This training material encompasses the basic meta model for Software Component architectures. Examples and exercises are provided.
Suitable for class training or for self study.
Two hours to half-day course.
- Familiarity with SystemWeaver concepts such as Items, Parts and Attributes, and also with the GUI and common operations of the swExplorer.
- Knowledge of XML.
- Completed the Report Generation - Introductory Training.
- Completed the Meta Modelling Basics course.
- An installation of the SystemWeaver Architect (swArchitect).
- An installation of the SystemWeaver Explorer (swExplorer) which includes the SWExtension.ComponentGraph.dll extension. The extension is attached to this article if needed.
- A training server (If the course leader has not set up a server for the class, you can set up your own server by following the instructions in Setting up a Test Server).
- An installation of the Meta Model Training sqlite training database. See Database for Meta Model Training.
The exercises in this training consist of recreating the examples presented to create the meta models and then view the configurations in the Architect and Explorer clients.
In a component architecture, a connection is defined by a common signal, i.e., a connection between components involves one component having the signal as a send interface and another component having the same signal as a receive interface. Given this, additional meta model solutions will need to handle, for example, instances and reuse of existing fixed components that are not compatible with the current architecture. Autosar Design is a solution that handles this.
Basic Meta Model Illustration - Items and Parts
A software component meta model is illustrated as follows:
- Item types are displayed as boxes with the item type SID in the top-right corner (A)
- Part types are arrows with the part type SID written along side the arrow (B)
- Item type inheritance is illustrated with the item type residing inside the item type it inherits from (C)
- Abstract item type names are displayed in italic font (D)
In the Software Components architecture, the connection between two component items is defined by a common signal item type. The initial meta model would look something like this:
When you create the two item types in the SystemWeaver Architect application, the above meta model would appear as:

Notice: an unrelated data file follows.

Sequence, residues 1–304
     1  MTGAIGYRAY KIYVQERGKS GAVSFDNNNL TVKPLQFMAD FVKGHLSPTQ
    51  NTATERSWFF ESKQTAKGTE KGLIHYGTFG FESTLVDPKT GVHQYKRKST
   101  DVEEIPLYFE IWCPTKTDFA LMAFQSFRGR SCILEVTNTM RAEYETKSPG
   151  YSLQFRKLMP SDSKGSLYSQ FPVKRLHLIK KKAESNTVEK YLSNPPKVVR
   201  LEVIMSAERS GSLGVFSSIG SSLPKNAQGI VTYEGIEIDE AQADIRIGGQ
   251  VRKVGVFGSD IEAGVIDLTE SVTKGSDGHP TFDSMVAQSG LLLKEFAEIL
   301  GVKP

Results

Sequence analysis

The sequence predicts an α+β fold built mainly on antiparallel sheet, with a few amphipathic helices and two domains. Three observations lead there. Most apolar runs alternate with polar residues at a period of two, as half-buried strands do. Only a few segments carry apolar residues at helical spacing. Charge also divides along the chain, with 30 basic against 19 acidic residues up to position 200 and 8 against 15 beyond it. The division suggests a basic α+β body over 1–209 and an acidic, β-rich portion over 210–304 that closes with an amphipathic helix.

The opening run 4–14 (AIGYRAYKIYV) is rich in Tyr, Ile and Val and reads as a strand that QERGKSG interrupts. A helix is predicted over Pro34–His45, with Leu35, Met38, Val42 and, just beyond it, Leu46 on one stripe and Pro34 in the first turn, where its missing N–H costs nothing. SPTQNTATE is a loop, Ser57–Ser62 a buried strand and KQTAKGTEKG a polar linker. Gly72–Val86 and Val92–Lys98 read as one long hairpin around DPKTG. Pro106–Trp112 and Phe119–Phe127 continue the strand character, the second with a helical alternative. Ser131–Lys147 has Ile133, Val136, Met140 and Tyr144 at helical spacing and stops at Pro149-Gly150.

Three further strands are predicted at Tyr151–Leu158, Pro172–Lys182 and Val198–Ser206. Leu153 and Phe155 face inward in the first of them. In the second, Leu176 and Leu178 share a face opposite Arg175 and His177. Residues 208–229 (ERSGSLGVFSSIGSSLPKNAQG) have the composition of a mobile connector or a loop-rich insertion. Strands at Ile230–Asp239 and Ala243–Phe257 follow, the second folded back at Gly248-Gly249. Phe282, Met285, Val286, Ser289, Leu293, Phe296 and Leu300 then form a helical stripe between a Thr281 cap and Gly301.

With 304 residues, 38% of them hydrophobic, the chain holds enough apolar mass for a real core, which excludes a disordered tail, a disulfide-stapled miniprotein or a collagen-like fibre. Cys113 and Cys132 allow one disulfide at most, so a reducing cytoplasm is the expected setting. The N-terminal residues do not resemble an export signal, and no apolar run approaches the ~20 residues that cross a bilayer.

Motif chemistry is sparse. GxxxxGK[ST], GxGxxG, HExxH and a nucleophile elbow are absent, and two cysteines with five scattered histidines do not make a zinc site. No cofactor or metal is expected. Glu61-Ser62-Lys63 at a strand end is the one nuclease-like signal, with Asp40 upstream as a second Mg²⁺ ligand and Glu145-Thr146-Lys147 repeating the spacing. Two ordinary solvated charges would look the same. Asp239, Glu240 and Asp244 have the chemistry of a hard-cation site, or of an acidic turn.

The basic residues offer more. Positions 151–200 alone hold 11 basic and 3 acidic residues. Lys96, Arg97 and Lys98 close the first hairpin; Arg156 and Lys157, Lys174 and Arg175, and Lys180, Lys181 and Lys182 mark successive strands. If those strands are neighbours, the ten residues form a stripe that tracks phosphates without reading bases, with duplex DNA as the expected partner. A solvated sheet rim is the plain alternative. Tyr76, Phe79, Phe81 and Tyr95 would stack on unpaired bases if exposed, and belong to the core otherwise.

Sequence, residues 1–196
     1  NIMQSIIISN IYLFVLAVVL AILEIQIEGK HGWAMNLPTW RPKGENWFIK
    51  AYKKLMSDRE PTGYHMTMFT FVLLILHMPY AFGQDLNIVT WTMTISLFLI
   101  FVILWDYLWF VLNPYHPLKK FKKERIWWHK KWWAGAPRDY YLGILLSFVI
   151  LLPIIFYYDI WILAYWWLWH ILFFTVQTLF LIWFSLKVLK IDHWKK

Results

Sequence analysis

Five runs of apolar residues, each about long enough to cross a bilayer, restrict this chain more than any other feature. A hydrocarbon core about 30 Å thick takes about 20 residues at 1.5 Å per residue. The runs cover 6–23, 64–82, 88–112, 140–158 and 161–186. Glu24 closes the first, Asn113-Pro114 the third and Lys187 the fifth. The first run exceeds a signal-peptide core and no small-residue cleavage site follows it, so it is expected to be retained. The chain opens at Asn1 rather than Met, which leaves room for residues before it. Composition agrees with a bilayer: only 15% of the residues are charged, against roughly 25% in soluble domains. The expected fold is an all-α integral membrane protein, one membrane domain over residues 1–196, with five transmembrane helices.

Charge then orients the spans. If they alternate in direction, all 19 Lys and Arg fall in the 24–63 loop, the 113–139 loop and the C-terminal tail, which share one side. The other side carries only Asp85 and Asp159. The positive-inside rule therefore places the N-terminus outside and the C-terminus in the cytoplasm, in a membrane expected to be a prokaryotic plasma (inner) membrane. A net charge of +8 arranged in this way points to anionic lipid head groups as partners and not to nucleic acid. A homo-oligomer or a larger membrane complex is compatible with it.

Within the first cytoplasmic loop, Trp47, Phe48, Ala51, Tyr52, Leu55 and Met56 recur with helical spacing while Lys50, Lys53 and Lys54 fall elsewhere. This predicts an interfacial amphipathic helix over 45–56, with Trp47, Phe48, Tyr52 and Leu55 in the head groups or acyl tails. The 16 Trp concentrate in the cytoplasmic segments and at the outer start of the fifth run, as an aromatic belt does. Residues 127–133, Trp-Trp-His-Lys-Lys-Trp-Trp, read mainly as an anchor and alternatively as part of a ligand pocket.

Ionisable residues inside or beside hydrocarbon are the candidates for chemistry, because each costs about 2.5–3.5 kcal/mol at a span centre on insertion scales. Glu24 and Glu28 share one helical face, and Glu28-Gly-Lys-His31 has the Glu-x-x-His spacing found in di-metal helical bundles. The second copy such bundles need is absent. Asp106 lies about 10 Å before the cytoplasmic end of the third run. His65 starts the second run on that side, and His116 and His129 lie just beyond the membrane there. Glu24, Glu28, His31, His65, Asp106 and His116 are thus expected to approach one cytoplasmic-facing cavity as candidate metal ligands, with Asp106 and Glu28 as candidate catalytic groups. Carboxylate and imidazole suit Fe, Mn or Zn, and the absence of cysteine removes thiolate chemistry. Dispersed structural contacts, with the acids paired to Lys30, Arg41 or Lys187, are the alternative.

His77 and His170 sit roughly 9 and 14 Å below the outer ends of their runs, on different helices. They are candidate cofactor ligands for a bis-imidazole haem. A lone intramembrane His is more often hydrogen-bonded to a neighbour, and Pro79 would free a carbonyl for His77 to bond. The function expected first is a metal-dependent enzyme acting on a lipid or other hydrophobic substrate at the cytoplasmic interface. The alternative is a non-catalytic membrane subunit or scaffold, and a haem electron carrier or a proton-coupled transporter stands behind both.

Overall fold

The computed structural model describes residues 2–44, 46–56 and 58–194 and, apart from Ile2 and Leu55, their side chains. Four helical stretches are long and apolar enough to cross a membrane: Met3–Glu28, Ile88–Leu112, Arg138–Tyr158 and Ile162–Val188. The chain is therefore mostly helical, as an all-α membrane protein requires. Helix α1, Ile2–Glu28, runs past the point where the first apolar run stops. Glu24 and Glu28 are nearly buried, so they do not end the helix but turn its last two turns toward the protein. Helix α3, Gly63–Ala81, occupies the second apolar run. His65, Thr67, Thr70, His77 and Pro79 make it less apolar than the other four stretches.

- Create the above item types in the Architect.
- The "Component" item will have two part types - "Send interface" (SEND) and "Receive interface" (REC). Create these part types in the Architect.
- Next, log into the Explorer client and create a component that has a send interface and a receive interface. Since both part types have signal as DefObj, both will have the same standard signal icon.
To increase the usability of the model, set different icons for the different part types in Architect:
Expanding the Model to Include A Design Function
To expand the model to encompass more than one component and be able to connect components to each other, add a design function to the model.
Later on in this training, we will look at expanding the model to cover several design functions.
- In Architect, add a design function item to the model.
- In Explorer, create a design function with two components in it.
- Create a signal that is sent from one component to the other
Tip: You can create the signal as send or receive on one of the components and then copy and paste it as send or receive on the other component so that you have one for send and one for receive.
Adding new Components and Interfaces via the Component Graph
The Component graph view is a graphical alternative for adding new components and interfaces. The representation offers clear semantics and user support allowing users to visualize and work with the model.
Note: Make sure that the component graph is included in your SystemWeaver installation. The SWExtension.ComponentGraph.dll file should be found in the swExplorerExtensions folder. If not, one is attached to this article.
Configuring the Component Graph
- Open the view configuration tool in Explorer by navigating to File > Configure the explorer.
- On the Item views tab, and select Component graph.
- Name the view using the Caption field.
- Enter a Group value to indicate in which menu group the view option will be located.